1999 Penguin (2000)
Colin Thubron writes of his journeying in Siberia in the 1990s after the fall of Communism. It makes fascinating reading of travel over an enormous (one twelfth of the earth's land surface) and remote area. I had a particular interest in this area, as I did a sponsored walk (in the UK) in 1997 in aid of the people left penniless and rudderless by the closure of the Gulags. This included the redundant guards as well as the inmates, both groups who were simply abandoned when the purpose of their being in Siberia became irrelevant.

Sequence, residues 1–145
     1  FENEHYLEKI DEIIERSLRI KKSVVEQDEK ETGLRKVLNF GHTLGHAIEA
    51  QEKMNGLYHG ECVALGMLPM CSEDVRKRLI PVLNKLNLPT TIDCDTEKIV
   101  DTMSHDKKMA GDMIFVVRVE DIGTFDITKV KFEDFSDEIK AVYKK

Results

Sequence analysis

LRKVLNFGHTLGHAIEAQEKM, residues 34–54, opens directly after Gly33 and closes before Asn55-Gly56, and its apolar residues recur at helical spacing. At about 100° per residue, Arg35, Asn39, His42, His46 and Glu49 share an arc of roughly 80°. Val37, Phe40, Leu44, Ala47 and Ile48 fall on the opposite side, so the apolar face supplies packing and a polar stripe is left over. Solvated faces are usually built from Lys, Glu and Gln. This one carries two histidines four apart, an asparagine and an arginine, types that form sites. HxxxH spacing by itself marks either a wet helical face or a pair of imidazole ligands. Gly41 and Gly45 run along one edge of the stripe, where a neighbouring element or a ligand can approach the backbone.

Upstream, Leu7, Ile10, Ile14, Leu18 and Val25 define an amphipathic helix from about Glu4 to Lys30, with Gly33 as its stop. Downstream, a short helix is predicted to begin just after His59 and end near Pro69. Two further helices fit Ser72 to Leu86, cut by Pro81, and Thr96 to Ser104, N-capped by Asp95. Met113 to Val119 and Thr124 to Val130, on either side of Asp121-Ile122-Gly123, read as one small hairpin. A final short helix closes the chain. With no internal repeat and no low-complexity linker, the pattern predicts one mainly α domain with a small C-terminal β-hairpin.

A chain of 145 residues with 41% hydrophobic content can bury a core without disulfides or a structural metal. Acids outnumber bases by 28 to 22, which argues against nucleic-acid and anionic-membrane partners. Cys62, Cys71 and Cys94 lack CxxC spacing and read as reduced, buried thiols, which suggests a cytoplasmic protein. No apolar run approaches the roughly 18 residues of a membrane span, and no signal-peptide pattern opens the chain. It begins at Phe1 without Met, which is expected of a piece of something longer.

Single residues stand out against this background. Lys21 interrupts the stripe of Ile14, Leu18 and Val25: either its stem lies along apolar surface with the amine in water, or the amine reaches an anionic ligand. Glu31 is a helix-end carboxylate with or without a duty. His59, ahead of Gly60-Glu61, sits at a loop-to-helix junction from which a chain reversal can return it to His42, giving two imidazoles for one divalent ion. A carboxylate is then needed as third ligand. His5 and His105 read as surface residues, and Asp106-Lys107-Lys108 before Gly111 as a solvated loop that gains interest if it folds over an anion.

Of course, for Colin Thubron the Trans-Siberian railway features quite prominently, but the author spends quite a long period - and quite a lot of words - on Lake Baikal. It is not surprising as this is the world's deepest and oldest lake, but I found this section a bit tedious compared to the rest. Otherwise up to his usual standard.